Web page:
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Influence of oil palm monoculture on the taxonomic and functional composition of aquatic insect communities in eastern Brazilian Amazonia
- Luiza-Andrade, Ana, Brasil, Leandro Schlemmer, Benone, Naraiana Loureiro, Shimano, Yulie, Farias, Ana Paula Justino, Montag, Luciano Fogaça, Dolédec, Sylvain, Juen, Leandro
- Ecological indicators 2017 v.82 pp. 478-483
- functional diversity, basins, plantations, canopy, Ephemeroptera, Elaeis guineensis, vegetable oil, Trichoptera, freshwater ecosystems, habitats, streams, insect communities, environmental impact, aquatic communities, aquatic insects, Plecoptera, forests, Asia, Amazonia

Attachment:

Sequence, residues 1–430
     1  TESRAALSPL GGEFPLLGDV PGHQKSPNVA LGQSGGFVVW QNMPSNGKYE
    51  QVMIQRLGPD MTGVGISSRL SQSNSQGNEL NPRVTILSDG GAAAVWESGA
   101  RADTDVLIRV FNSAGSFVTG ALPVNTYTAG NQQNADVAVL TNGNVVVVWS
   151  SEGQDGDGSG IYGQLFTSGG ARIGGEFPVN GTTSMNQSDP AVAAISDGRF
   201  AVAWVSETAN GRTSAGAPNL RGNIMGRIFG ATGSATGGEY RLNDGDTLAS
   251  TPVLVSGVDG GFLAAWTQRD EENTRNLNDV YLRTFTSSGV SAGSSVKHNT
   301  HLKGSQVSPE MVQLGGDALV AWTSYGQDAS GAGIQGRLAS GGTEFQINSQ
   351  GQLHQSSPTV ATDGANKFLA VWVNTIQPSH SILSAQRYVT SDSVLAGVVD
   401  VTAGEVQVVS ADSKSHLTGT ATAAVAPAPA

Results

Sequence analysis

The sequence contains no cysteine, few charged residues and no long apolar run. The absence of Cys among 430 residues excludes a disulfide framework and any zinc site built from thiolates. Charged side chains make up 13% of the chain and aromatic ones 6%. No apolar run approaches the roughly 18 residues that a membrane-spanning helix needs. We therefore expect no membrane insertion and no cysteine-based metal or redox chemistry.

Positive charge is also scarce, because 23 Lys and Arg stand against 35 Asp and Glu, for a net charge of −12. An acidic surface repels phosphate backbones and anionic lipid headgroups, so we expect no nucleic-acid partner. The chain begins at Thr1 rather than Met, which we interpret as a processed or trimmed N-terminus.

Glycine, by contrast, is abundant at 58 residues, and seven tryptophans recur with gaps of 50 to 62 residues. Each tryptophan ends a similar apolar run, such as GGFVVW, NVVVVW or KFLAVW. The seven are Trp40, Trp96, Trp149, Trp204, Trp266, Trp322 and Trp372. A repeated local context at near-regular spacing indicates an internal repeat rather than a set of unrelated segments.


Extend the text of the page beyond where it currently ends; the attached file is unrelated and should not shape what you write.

- Large scale palm oil plantations for the production of vegetable oil are among the most harmful agricultural activities to biodiversity, especially given their rapid expansion, worldwide. Many cases of species loss have already been recorded in Asian countries, although research is still incipient in the Amazon basin, and the environmental impacts of these monocultures on freshwater ecosystems in the Neotropical region are still poorly understood. The present study evaluated the effects of oil palm plantations on the physical structure of stream habitats and the resulting changes in the taxonomic and functional composition of aquatic insect communities. A total of 2100 specimens of the orders Ephemeroptera, Plecoptera and Trichoptera were collected during the present study, representing 40 genera and 16 families. The hypothesis tested was that the taxonomic and functional diversity of the orders Ephemeroptera, Plecoptera and Trichoptera (Insecta) decreases in streams surrounded by oil palm plantations in comparison with those embedded in forested areas. In the plantation streams, the taxonomic richness and composition, and the functional richness are modified significantly. Functional composition appeared unaltered despite reduced canopy cover associated with oil palm streams. These effects emphasize the importance of the riparian vegetation for the protection of the aquatic communities found in oil palm plantations. The maintenance of the riparian vegetation may mitigate the impacts of plantations, contributing to the conservation of insect communities and associated biodiversity.